Assessing the mental health needs of older people
Treatment and recovery
Accurate diagnosis and early intervention is important for all forms of mental ill health in older people. There may be underlying physical conditions such as viral conditions or poor nutrition, and treating these can result in improved energy and mental state. Many symptoms of physical illness can be mistaken for mental illness, and physical conditions should always be considered first. For instance, conditions such as kidney infection, thyroid deficiency or a stroke can sometimes lead to 'dementia-like' symptoms; loss of appetite and disturbed sleep may be caused by heart disease or arthritis rather than depression. Extreme worry and agitation can make some older people appear quite confused, as can urinary tract infection.
- Early recognition of physical and psychiatric conditions can benefit the individual and avoid the use of inappropriate and disproportionate services.
- Early and accurate diagnosis of mental health problems enables older people and those caring for them to understand what is happening to them and to access appropriate treatment and help.
- Early and appropriate recognition and information lets individuals and their carers understand the present and prepare for the future.
There are treatment options for all forms of mental health problems in older people, and there is no reason for older people to be denied access to medication, or services such as counselling, which would be considered for a younger person. Even for conditions where there is as yet no cure, as with dementia, improvements in care and treatment are achievable and can make a significant difference to older people's quality of life.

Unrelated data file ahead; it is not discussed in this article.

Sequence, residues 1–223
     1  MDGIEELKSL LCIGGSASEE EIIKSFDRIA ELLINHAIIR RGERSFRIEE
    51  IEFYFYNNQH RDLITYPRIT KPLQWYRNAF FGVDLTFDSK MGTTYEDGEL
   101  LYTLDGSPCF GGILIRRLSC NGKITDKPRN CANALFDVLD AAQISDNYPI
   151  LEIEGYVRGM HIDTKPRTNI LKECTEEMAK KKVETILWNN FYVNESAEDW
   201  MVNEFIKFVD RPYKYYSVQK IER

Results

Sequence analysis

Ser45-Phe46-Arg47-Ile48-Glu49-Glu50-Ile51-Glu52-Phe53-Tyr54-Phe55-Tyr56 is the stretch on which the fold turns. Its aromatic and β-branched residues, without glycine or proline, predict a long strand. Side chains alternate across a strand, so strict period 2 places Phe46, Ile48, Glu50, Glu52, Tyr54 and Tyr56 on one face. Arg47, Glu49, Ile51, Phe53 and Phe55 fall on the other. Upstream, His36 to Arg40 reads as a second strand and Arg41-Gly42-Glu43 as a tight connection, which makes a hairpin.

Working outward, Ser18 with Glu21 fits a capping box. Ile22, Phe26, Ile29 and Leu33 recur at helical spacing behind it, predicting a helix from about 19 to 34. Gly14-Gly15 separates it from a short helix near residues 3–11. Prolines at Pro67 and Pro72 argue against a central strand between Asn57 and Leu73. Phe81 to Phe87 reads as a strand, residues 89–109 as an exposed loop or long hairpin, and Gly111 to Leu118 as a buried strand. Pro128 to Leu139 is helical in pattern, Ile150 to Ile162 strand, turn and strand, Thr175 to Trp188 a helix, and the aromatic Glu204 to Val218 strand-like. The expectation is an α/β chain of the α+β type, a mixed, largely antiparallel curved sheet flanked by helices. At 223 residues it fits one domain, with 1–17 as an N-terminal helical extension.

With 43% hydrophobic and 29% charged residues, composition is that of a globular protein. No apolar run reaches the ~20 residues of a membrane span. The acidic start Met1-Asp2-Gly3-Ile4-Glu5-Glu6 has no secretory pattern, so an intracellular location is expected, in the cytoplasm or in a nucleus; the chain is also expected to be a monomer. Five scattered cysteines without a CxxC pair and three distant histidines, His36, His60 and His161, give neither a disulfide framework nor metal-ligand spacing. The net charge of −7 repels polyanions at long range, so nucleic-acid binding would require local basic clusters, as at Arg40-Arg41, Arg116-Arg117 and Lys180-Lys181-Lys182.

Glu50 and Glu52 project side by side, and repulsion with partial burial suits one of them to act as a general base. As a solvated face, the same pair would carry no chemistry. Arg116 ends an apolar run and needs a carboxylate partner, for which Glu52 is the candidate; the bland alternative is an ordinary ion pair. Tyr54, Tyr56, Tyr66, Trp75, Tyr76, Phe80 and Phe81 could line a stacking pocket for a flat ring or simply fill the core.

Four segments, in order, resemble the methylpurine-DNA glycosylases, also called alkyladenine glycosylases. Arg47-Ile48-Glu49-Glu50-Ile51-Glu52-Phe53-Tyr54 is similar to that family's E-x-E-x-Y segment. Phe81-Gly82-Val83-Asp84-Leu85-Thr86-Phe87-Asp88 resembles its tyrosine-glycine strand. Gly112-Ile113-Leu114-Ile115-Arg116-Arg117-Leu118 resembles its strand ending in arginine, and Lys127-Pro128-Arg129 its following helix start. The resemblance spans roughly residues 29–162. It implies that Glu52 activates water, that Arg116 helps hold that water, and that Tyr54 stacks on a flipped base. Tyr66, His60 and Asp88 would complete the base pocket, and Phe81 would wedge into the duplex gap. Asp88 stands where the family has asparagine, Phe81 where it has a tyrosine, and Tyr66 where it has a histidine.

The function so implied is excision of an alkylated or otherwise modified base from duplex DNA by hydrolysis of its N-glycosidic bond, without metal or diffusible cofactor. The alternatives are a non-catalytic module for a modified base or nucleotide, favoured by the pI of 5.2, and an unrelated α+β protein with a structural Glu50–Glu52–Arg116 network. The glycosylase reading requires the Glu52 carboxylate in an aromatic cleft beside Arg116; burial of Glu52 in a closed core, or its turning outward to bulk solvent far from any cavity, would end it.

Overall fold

'Recovery' and well-being approaches to mental health issues developed by younger adult service users and working-age mental health services are equally applicable to older people. 'Recovery' does not imply 'cure', but builds on the personal strengths and resilience of an individual 'to recover optimum quality of life and have satisfaction with life in disconnected circumstances'. (19) Recovery is about the development of coping skills, and about social inclusion, making it possible for people to have quality of life and a degree of independence and choice, even those with the most enduring and disabling conditions. See also Mental health and well-being - What you can do.
In the National Service Framework for Older People, Standard 7, the Department of Health makes it clear that an integrated mental health service for older people should encompass:
- promoting good mental health
- the early recognition and management of mental health problems
- access to advice and treatment from specialist mental health services when needed.
Standard 7 also says that while in-patient admission may be indicated for severe mental illness, 'the emphasis should be on promoting the independence of older people with mental health problems and supporting them, and their carers, in the community wherever possible and practical.'
For more on the National Service Framework, Standard 7, see Section 8.
As part of the implementation of Standard 7, to increase awareness and the appropriate diagnosis of dementia and depression, Primary Care Trusts are expected to produce guidance for GPs on local care pathways for the treatment of older people with depression or dementia. These should include guidance on symptoms, risk factors, treatment options, and when to refer to specialist services.(20)
The National Institute for Clinical Excellence and the Social Care Institute for Excellence have produced joint guidelines for health and social care professionals on the identification, treatment and care of dementia.
Next: The assessment process